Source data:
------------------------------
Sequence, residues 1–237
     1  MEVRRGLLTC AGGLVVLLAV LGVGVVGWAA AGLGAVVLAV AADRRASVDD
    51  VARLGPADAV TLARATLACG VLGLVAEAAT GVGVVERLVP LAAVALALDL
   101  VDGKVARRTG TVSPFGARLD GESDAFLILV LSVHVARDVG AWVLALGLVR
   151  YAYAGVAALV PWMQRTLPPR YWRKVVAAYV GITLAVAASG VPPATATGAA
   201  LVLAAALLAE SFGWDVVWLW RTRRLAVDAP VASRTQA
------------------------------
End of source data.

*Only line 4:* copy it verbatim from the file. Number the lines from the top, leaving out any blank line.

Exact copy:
   101  VDGKVARRTG TVSPFGARLD GESDAFLILV LSVHVARDVG AWVLALGLVR